Buttons. Two of the most annoying on the a7 III are the menu button, which is inexplicably located to the left of the EVF; and the lens release button, which is tiny and very difficult even with rather slender fingers to reach with the handgrip scrunched so close to the lens mount.

Some buttons might advantageously be placed on the front of the camera: the dilemma being that there isn’t much real estate for any. Several G Master lenses do have programmable buttons, though I haven’t used them yet. The camera is probably a nuisance to shoot with gloves on, though this doesn’t really pose much of a problem in Vietnam! I’m sure if Nikon gets it right, their mirrorless will be more popular with people who shoot in harsh environments.

Sensor dust. Over the years, I’ve heard the online community complain about dust gathering on the sensor. I should preface my remarks by saying that Saigon is one of the filthiest places I’ve ever been; the air quality is poor; there is construction everywhere; and I have to bathe several times a day to get the grime off. Still, in my five years of shooting Panasonic, it never once occurred to me to check the sensor; and since I almost always shoot at f/4 or wider, it was never going to show up anyhow. But checking the a7 III yesterday, I did notice one speck of dust, which was easily dislodged with a puff of air.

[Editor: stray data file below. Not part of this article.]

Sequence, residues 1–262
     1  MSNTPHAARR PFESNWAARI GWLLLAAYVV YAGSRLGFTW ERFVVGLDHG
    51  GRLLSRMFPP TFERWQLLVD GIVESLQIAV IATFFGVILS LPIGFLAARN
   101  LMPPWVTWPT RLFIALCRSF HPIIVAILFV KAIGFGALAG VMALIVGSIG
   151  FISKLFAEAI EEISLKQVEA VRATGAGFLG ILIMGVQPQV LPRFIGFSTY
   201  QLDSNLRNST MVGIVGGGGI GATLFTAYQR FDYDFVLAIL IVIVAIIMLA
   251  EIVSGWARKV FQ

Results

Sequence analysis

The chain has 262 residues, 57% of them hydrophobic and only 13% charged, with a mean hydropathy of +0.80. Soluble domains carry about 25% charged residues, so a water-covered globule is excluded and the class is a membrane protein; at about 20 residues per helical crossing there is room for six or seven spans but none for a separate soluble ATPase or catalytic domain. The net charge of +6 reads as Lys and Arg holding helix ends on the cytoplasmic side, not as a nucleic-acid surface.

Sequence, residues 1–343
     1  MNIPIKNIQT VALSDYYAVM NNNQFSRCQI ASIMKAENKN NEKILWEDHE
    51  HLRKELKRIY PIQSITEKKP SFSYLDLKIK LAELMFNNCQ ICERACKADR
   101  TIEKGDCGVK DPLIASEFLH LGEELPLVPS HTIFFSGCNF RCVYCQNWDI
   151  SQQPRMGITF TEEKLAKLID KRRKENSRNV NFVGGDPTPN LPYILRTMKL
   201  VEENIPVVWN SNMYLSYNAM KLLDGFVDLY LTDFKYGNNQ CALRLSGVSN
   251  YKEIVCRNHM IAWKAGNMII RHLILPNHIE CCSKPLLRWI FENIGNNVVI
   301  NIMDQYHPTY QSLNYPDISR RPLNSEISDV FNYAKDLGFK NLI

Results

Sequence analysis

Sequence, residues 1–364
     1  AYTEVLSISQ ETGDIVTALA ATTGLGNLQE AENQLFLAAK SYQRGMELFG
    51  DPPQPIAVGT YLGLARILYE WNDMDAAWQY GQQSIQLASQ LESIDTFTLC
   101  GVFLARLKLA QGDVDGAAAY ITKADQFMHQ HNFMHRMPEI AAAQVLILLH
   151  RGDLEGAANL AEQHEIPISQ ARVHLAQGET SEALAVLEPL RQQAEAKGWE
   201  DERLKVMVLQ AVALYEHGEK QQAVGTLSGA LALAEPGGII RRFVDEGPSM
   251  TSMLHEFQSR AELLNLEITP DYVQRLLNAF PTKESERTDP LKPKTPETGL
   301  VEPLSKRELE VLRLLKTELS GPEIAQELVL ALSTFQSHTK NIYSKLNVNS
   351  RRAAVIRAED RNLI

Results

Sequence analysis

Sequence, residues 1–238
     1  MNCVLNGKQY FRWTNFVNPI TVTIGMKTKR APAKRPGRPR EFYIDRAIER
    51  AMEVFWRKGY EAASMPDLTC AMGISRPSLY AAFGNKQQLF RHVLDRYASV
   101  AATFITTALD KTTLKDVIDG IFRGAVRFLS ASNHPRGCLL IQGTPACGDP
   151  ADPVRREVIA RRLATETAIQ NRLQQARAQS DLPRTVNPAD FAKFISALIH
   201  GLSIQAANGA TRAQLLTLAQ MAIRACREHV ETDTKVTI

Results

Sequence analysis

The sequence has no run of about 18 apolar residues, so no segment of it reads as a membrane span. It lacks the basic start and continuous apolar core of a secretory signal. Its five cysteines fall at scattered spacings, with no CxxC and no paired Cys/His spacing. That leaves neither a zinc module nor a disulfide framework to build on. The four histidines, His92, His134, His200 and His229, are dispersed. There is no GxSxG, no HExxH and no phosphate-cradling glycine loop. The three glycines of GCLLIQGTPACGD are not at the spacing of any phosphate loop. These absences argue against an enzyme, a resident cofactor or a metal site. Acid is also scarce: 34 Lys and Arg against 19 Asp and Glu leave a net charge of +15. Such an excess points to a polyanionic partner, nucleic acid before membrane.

Detail. The amount of detail is staggering, but also extremely unflattering if you’re working with models with anything but perfect complexions. This means having to use extra diffusion with lighting, and perhaps even hiring a stylist to assist with hair and makeup, stuff I never concerned myself with shooting m4/3.

The Full Frame ‘Look’. I happen to love the full frame look, but have come to realize that unless I’m shooting in the dark, for me, there’s no need to shoot much wider than f/4 or so to get the nice creamy out of focus backgrounds I’m after with the lenses and subjects I regularly shoot. With m43, I rarely shoot at apertures narrower than f/4 and often shoot wide open.

Autofocus. The AF is insane, and face tracking is almost psychic. Sunday morning, I shot with a model for two hours in the Central Post Office and on Book Street, both of which are teeming with sightseers on the weekend, and every clip was in focus, even at wide-ish apertures, and even when the model was quite far away from the camera.

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